This video by Trey Ratcliff is a pretty cool idea. Trey traveled across the world in 80 days and documented his adventures with over 8,000 photographs. I hardly ever travel with a camera when I’m on vacation and even if I did, I’m not sure if I could ever force myself to take so many images in the moment. But then again I probably won’t ever have anything this cool. Click the the full post to watch how Trey made this video.
In Jay P. Morgan’s newest video he shows us how he uses a crane to bump up production value by using a crane. Now I know you might be thinking there’s no way you can afford a crane but you would be wrong. Last month we posted this video review of a $125 crane that anyone can afford. I purchased one and I am really excited to try it out in the near future.
What could be more fun than drifting a MINI Coupé around Rio, Brasil during Carnival? Director Paulo Martins takes you behind the scenes in the latest MINI commercial from the Another Day, Another Adventure campaign. Instead of filming the commercial during the annual Carnival in February, Paulo recreated the festival months later so he could drive the car directly into the parade. I have to admit I was a bit nervous watching the stunt drivers weave in an out of the city but it does make me envy one of these small cars.. Click the full post to watch the final commercial and head over to the MINI Youtube Channel to watch other commercials in the series from Honk Kong and Iceland.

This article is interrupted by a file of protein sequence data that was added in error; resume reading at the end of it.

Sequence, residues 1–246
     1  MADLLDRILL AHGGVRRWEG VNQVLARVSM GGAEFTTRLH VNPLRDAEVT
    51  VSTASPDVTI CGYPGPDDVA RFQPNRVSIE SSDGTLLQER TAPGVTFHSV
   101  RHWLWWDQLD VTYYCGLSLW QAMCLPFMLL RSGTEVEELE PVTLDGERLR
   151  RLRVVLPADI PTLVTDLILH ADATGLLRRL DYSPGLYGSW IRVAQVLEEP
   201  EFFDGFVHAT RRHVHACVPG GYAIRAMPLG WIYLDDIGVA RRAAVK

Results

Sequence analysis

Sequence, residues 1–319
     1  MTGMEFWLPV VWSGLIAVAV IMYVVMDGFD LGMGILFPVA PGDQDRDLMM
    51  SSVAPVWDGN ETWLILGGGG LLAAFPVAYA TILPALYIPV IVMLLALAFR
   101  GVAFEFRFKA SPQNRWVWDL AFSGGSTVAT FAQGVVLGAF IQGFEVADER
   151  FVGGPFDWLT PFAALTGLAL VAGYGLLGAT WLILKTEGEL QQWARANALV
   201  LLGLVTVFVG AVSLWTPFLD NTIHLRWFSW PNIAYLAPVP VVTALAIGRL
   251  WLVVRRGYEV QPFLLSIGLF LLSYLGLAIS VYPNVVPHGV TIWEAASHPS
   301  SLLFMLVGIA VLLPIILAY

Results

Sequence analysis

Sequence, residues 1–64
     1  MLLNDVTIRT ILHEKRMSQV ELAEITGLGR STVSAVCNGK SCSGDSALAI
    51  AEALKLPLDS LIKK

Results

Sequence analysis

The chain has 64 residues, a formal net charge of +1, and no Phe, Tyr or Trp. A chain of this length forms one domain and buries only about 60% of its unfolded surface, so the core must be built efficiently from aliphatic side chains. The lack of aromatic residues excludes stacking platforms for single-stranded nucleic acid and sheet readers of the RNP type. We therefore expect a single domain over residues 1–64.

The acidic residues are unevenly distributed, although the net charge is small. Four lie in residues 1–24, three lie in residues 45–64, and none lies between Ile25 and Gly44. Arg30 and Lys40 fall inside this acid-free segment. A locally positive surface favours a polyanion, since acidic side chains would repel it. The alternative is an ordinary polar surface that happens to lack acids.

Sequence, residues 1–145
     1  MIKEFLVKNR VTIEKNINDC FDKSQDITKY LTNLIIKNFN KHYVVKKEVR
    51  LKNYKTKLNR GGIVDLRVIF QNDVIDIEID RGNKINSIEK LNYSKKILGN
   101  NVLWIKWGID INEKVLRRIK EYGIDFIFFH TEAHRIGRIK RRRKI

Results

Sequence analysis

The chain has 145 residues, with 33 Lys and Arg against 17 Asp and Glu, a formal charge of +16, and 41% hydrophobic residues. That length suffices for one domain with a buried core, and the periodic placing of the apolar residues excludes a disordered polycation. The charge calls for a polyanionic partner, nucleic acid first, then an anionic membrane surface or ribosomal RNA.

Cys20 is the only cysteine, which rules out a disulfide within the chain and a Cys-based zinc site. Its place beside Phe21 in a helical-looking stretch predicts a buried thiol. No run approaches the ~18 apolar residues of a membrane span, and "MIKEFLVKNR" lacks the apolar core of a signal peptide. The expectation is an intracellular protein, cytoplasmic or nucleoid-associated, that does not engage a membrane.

I’m sure many of you have heard the saying “overcast skies make for amazing photos”. While it’s true that soft overcast light is usually more flattering on people’s faces, it can also make your photos super boring and even gloomy. So what can you do with your bag of tricks to spice up a photo session during cold, rainy, or overcast days? Damien Lovegrove explains how you can use a “dingle” (or more commonly a Cookie) to bring some pseudo-sunlight into your portraits . This clip is from Damien’s Speedlight Mastery DVD and he does a great job explaining this super useful technique that can be applied to many of your own shoots at almost zero cost. Next time you see those interesting shadow patterns while thumping through your girlfriend’s fashion magazines you can imagine the dingle that created them!
Recently Petapixel featured a rather amusing video of photographer Fabio Pires out of London. Fabio is a street photographer who shoots spontaneous photos off the cuff. Unlike the video we featured of Clay Enos’s street setup, Fabio’s approach is more in your face, candid, and potentially more risky. In Fabio’s opinion, the best shots come from strange and interesting people who aren’t expecting to have their photo taken. I dunno, maybe in England this isn’t frowned upon as much as it is in the United States?